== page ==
Sub-titled The Pre-Civil War Innovations of C.F. Martin and His Contemporaries Inventing The American Guitar tells the story of how a European instrument was transformed into one with all of the design and construction features that define the iconic American flat-top guitar. It’s a story that is dominated by Christian Frederick Martin, Sr. and its publication is timely insofar as it coincides with the 180th anniversary the formation of the Martin guitar company.
Born on January 31, 1796, in Markneukirchen, a small village in Saxony, Germany, C F Martin, Sr. emigrated to New York in 1833. He soon established a guitar making business, producing instruments modeled after those of his Viennese mentor, Johann Stauffer. By the time he moved his family and business to Nazareth, Pennsylvania, in 1839, Martin had absorbed and integrated the influence of Spanish guitars that he had seen and heard in New York. In Pennsylvania, he invented a uniquely American guitar that was fully developed shortly before 1863.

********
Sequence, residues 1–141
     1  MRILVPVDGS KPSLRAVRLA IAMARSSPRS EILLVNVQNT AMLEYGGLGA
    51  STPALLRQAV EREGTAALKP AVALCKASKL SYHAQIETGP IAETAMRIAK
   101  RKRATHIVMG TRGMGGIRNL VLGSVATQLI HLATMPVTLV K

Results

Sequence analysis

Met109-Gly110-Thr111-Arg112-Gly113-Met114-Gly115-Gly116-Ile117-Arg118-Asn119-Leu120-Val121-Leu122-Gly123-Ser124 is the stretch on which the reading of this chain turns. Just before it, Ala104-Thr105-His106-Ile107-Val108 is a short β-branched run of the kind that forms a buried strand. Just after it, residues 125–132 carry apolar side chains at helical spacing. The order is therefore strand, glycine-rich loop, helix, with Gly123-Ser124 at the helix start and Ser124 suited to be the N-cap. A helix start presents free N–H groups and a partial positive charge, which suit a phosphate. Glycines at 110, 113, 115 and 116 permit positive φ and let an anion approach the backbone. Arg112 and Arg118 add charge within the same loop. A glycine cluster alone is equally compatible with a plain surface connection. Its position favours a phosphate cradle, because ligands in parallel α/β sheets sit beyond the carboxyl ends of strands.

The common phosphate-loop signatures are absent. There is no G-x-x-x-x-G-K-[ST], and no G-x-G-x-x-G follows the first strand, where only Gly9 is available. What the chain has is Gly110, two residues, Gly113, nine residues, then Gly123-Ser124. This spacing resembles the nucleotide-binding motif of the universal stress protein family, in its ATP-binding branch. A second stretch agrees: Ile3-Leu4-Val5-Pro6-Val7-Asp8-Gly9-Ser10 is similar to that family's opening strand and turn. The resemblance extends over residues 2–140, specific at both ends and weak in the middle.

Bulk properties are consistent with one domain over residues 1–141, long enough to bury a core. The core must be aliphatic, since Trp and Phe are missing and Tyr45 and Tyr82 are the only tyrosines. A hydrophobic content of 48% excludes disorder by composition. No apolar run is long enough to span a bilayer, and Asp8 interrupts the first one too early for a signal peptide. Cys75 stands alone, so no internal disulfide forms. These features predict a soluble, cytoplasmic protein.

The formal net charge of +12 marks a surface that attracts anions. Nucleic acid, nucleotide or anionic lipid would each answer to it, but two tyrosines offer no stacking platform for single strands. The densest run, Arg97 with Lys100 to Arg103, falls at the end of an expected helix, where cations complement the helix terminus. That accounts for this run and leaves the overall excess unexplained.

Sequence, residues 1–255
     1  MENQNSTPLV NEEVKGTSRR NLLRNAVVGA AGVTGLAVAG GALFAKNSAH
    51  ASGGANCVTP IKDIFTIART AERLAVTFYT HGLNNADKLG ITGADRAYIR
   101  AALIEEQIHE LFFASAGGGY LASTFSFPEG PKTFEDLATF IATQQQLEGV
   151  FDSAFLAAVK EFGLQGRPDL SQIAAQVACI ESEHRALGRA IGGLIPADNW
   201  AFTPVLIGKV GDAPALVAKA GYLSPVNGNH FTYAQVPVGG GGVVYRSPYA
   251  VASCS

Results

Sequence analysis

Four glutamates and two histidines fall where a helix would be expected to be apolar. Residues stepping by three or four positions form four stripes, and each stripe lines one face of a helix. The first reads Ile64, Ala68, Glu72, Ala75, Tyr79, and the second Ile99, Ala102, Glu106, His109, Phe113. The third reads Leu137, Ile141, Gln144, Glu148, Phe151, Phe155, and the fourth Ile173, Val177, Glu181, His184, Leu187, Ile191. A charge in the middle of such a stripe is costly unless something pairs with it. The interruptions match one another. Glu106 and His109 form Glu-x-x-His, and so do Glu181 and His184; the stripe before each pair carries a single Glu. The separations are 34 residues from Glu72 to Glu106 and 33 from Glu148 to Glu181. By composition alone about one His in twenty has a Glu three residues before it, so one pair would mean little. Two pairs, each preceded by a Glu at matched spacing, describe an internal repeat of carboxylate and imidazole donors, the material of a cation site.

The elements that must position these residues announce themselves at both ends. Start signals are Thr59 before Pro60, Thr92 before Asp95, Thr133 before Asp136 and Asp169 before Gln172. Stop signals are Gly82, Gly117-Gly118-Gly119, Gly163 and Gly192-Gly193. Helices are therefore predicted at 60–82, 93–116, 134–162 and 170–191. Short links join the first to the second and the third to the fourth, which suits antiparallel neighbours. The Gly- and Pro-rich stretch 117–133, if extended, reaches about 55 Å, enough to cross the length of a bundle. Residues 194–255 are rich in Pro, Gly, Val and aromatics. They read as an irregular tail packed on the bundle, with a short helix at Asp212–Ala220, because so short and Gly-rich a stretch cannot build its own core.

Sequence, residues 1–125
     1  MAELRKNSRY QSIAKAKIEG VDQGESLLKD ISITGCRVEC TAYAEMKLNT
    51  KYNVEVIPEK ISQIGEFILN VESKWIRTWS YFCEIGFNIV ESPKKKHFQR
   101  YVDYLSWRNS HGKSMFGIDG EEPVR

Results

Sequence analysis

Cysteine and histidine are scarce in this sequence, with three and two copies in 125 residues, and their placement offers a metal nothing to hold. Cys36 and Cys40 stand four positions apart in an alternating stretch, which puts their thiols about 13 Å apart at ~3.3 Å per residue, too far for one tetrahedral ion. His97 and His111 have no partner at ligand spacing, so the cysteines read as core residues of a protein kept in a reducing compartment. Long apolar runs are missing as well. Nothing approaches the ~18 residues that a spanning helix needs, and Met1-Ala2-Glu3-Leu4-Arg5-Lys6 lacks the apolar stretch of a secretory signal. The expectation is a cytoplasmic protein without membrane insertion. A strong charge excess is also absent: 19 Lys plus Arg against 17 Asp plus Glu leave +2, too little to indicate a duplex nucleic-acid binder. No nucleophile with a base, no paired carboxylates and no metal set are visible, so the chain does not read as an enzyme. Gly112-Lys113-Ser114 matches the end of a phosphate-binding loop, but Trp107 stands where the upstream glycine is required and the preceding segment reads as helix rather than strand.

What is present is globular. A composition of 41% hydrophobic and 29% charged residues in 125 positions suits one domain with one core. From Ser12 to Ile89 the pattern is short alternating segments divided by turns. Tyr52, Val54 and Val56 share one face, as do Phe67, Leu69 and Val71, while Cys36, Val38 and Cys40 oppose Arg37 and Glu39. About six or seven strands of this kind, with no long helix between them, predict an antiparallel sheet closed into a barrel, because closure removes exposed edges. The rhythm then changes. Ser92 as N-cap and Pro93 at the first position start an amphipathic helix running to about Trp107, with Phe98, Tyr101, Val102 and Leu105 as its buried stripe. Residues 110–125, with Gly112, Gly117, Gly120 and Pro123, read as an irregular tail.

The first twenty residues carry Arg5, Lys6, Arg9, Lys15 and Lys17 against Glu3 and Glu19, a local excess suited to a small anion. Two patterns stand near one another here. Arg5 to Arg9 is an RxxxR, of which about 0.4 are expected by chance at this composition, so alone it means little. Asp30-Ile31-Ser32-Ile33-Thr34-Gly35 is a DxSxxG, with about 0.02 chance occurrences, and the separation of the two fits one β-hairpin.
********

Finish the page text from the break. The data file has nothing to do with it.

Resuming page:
It is on the first decades of the Martin guitar history rather than another innovative period, that between World Wars I and II, that Inventing The American Guitar focuses.
Christian “Chris” Martin IV, great-great-great-grandson of the founder, provided a personal family history and various guitar collectors and noted historians contributed essays for what is a large format book, one approximately the size of an LP record jacket (a size often referred to as a ‘coffee table’ style).
Also it includes many high resolution photographs of prominent instruments in guitar history, with much previously unpublished.
Edited by Robert Shaw and Peter Szego
Publisher: Hal Leonard Corporation
Hardcover: 360 pages
Dimensions: 28.2 x 26.7 x 3 cm
Available from the publisher, on-line booksellers and all good bookshops.